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Don't treat dollars with kid gloves – use them

Numismatic News received a letter recently that said the Mint director treated the new Native American dollar coins too roughly at its debut event.

Referred to specifically was the pouring of new Native American dollars from a basket at a Jan. 25 ceremony in New York that was covered in Numismatic News.

The tone of the letter was such that you would think the Mint director was smashing proof sets with a hammer.

Now I know that the first instinct of any collector is preservation. That is laudable.

However, the purpose of any new coin is supposed to be use in circulation, not preservation. This is especially true of the new dollar coins that the Mint is trying to convince the public to use.

If it would make them circulate, I am sure the Mint director would scatter them on the floor at a barn dance.

However, the big problem for the Mint and the Federal Reserve is not that some coins will become worn. The problem is that not enough of them will be so.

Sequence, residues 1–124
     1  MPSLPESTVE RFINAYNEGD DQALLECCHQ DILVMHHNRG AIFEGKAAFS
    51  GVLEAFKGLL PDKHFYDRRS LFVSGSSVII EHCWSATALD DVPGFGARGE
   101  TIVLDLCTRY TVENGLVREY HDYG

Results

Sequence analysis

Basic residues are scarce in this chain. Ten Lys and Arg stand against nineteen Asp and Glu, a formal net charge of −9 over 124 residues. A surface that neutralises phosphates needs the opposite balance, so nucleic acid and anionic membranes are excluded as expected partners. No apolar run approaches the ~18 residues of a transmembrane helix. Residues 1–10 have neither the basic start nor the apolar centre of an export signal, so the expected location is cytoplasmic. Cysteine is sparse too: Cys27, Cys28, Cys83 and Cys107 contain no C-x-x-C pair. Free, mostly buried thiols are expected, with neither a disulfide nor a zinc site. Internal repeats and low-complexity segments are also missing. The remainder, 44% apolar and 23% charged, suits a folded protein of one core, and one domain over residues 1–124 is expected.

The way they are backing up in the hands of the Federal Reserve, I think it can be safely concluded that there will be more than enough high-grade dollar coins for future collectors to choose from.

That New York basket of coins might turn out to be the only 2010 Native American dollars ever used. No?

Well, you get my point.

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One Response to Don't treat dollars with kid gloves – use them

  1. Jerome Curtis Watts says:

    The online version of numismatic news alerted me to the "Direct Ship" program. The text said that some people were mis-using the program and merely using their credit card to get coins (at face value and without shipping cost) and rack up credit card points. Hurray for innovation and creativity! I ordered a box of the 2010 Native American dollar coins. I got my credit card points and I paid no shipping costs! I got a "P" roll (for my collection)without having to pay a premium for a U.S. Mint wrapped roll. I have selected a single coin from each roll that has a minimum of "bag marks" and I have carefully wrapped that coin for "the future". The rest of the coins get spent. I thought I would get disapproving looks from the cashiers; but so far, they have been politely accepted. None of the cashiers have wondered what denomination they are. I will continue to use the direct ship program to avoid some of the premiums charged by the US Mint and to put away single (hopefully high grade) examples. There is always something in Numismatic News to "expand my mind" and help me make coin collecting a profitable activity. Best of luck to all my fellow readers!!!

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